This article describes the development and application of an innovative tool, Text Re-use Alignment Visualization (TRAViz), whose aim is to visualize variation between editions of both historical and modern texts. Reading different editions of a text empowers research in literary studies and linguistics, where one can study a text’s reception or follow the development of its language over time. One of the purposes of a text edition is to trace or reconstruct a possible archetype or something that might be considered to be an original version of the text in order to better understand its evolution over time. To do so, the textual scholar examines and records the similarities and the differences between a number of exemplars in what is known as a ‘critical apparatus’. The result of this variant analysis can be visually represented as a ‘Variant Graph’, where the relationships between these exemplars can be more easily studied. Variant Graphs can be, in turn, visualized in order to facilitate reading and interaction with the source data. Borrowing from existing digital tools, TRAViz assists the scholar in the collation process by specifically focusing on design and user engagement, concurrently seeking to simplify interaction as a means of encouraging humanists to adopt the tool. The article will describe the needs and rationale behind the creation of TRAViz by exploring existing research, describing its functionality through examples, and by finally discussing how its application can influence future development of this tool in particular and of the field in general.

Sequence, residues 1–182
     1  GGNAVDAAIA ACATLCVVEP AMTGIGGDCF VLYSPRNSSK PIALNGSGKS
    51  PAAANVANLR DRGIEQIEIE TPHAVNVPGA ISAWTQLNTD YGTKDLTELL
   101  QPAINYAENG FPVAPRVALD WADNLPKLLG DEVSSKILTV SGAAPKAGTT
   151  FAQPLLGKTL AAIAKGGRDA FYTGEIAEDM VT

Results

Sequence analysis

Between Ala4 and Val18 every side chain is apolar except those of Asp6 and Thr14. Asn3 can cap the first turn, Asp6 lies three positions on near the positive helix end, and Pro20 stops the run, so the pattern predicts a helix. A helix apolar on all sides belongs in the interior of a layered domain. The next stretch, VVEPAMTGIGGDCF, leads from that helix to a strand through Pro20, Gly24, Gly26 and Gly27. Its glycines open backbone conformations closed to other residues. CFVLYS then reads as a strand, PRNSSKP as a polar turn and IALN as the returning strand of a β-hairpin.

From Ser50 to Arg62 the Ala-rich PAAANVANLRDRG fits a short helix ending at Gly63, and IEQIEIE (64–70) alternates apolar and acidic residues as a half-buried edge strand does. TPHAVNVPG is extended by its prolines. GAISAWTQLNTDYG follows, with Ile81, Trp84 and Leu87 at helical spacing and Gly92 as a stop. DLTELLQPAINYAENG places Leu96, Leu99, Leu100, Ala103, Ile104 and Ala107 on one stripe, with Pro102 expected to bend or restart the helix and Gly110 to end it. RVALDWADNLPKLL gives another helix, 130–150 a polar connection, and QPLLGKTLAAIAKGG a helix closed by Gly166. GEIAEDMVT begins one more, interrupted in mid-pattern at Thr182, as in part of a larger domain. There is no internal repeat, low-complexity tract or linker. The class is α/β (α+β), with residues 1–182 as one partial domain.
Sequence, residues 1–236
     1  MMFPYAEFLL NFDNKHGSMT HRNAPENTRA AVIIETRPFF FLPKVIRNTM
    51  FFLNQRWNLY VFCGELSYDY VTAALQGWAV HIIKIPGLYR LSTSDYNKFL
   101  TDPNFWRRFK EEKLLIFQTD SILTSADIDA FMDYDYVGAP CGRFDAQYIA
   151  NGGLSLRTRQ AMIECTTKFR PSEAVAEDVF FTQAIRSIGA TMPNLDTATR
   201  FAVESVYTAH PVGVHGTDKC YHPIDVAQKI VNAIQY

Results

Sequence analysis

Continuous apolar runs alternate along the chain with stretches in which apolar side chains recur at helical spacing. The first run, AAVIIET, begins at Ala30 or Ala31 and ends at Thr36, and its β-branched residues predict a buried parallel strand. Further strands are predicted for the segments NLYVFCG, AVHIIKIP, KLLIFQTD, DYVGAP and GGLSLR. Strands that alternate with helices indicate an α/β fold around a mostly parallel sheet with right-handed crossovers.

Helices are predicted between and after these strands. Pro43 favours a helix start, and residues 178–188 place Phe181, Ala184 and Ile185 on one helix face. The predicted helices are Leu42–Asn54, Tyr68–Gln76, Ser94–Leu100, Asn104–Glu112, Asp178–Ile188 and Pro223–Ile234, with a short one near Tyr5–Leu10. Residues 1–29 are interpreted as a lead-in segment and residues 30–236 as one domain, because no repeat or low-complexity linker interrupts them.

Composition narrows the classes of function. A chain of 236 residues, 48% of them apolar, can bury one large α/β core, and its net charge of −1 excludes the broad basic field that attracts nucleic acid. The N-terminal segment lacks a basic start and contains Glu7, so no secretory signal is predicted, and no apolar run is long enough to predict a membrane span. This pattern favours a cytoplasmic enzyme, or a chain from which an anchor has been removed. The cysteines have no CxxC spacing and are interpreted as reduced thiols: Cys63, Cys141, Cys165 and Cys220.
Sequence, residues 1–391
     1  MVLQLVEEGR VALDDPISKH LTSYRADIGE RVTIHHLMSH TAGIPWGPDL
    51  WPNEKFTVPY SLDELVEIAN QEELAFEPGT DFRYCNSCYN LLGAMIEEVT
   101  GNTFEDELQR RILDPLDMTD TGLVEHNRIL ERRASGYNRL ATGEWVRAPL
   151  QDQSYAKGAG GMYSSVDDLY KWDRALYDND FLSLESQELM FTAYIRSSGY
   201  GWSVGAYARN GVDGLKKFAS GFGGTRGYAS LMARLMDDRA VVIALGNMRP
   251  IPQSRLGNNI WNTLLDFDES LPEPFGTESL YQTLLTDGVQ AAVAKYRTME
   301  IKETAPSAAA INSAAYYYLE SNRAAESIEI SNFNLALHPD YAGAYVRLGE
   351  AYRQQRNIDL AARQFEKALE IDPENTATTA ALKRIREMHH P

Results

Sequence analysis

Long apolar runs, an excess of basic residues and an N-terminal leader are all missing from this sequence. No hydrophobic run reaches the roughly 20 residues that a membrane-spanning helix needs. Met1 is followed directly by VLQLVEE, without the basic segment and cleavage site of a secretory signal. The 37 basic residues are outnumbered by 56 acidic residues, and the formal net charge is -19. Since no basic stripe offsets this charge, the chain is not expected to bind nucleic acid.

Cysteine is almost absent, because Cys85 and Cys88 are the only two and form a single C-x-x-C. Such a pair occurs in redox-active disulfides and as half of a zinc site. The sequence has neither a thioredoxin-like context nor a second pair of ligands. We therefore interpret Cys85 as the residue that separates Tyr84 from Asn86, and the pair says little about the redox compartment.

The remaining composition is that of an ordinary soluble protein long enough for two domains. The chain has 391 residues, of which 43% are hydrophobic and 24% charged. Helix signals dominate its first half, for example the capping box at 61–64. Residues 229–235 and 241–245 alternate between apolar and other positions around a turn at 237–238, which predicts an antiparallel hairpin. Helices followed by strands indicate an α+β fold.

JDMDH Special Issue: Call for Contribution

JDMDH Call for Contribution: Special Issue on Computer-Aided Processing of Intertextuality in Ancient Languages

Europe’s future is digital”. This was the headline of a speech given at the Hannover exhibition in April 2015 by Günther Oettinger, EU-Commissioner for Digital Economy and Society. While businesses and industries have already made major advances in digital ecosystems, the digital transformation of texts stretching over a period of more than two millennia is far from complete. On the one hand, mass digitisation leads to an „information overload“ of digitally available data; on the other, the “information poverty” embodied by the loss of books and the fragmentary state of ancient texts form an incomplete and biased view of our past. In a digital ecosystem, this coexistence of data overload and poverty adds considerable complexity to scholarly research.

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DH Estonia 2015: attend the eTRAP Workshop!

We will be giving a workshop on Text Reuse at the
Translingual and Transcultural Digital Humanities Conference. Estonia, 19-21 October 2015!!
Day of workshop: Wednesday 21 October 2015

Find the full announcement below:

eTRAP (Electronic Text Reuse Acquisition Project) is an Early Career Research Group funded by the German Federal Ministry of Education and Research (BMBF) and based at the Göttingen Centre for Digital Humanities at the University of Göttingen. The research group, which started on 1st March 2015, was awarded €1.6 million and runs for four years. As the name suggests, this interdisciplinary team studies the linguistic and literary phenomenon that is text reuse with a particular focus on historical languages. More specifically, we look at how ancient authors copied, alluded to, paraphrased and translated each other as they spread their knowledge in writing. This early career research group seeks to provide a basic understanding of the (historical) text reuse methodology (it being distinct from plagiarism), and so to study what defines text reuse, why some people reuse information, how text is reused and how this practice has changed over history.